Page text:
Call the references you receive. Many people ask for references, but never use them! Call all 5 people. You can never learn too much about the person you are considering help you with your major financial decisions. Take the few minutes to talk to these people. It will be worth it!
Ask if they charge fees for their service. No one works for free! If they are not charging fees, they must be making money from the sale of products. If they are making 100% of their income from product sales, they must sell enough to make up for the people who did not buy. If there is a price to be paid, it must be paid by either the planner or you. Which one do you think it will be?

If they do not charge fees, ask them how you can be sure that the advice they will provide is in your best interests. Make them tell you how they analyze a situation, what process they go through to arrive at recommendations, what value-added services they provide and how interactive they will be with you.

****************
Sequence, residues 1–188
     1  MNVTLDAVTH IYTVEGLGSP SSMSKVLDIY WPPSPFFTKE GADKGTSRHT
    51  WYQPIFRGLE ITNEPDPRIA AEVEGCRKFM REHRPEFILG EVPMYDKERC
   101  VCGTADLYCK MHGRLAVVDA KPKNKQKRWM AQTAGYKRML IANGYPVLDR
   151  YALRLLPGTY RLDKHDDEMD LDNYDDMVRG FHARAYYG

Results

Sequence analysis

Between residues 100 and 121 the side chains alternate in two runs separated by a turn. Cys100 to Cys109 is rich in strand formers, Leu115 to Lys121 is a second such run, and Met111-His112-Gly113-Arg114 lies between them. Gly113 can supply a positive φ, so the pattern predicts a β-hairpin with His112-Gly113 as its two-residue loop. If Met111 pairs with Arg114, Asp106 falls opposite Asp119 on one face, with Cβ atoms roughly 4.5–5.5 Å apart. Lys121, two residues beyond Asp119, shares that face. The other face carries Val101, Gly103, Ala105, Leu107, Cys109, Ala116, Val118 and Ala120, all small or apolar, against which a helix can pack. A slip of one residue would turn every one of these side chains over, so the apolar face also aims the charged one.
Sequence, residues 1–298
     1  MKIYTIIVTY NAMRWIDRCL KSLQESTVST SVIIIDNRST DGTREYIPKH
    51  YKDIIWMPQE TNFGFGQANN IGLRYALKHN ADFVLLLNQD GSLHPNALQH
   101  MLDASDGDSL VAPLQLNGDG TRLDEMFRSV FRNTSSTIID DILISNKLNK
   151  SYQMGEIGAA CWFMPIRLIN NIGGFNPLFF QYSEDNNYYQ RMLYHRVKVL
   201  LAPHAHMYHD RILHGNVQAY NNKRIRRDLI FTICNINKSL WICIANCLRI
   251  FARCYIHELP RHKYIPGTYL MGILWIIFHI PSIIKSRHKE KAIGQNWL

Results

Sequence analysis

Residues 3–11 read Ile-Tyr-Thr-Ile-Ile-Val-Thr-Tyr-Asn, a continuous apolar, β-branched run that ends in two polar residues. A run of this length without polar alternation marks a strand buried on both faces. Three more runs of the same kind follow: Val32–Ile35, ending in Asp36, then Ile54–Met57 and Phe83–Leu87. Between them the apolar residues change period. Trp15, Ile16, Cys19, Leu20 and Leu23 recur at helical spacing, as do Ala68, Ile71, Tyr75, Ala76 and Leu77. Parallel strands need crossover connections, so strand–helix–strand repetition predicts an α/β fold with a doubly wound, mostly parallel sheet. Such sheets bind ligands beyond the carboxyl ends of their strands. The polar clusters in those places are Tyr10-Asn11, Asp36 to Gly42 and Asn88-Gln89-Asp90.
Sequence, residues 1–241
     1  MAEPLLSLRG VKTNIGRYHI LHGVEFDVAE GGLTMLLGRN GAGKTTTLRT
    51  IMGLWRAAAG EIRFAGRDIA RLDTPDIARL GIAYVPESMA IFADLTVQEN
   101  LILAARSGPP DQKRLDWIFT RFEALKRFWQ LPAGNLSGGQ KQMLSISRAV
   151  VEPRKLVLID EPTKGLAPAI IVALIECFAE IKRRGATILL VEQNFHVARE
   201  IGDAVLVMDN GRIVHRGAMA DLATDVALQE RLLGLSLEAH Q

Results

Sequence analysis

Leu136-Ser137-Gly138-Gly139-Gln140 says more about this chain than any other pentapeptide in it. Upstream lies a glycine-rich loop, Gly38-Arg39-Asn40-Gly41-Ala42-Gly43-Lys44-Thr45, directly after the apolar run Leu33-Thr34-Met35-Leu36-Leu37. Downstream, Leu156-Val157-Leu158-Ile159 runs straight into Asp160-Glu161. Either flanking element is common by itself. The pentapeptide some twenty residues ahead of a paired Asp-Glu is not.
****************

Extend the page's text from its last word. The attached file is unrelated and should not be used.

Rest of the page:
What you want to hear, is that they first find out how you feel about your money and finances. Then, they will get a detailed understanding of your income, assets, debts, company benefits, etc. Finally, they will work up an action plan that addresses all of your concerns, and gives you choices. Choices of the different ways your concerns can be handled, with the pros and cons of each choice.

Then, and only then, will you be able to choose for yourself which way to go.

This process allows you the ability to make decisions from an educated basis, instead of from salesmanship. There is nothing wrong with being sold financial products, as long as they fit your needs, and not those of the salespeople!

Ask How the Financial Advisor Gets Paid

Ask if they sell products as well as provide financial planning advice. If the planner says “yes”, this should not be taken as a negative response. However, you should recognize the potential conflict of interest that exists. Although I have known several financial planners and advisors that did not let the conflict of interest influence their recommendations, those planners were a small minority. Therefore, extra caution should be exercised if the planner also sells the products he recommends.

You must ask the planner if he has any special incentives or reasons to sell you the things he is proposing. If the motivation is to get you what you need, that is fine! If you sense from the answer that there is some hidden reason, you need to move carefully.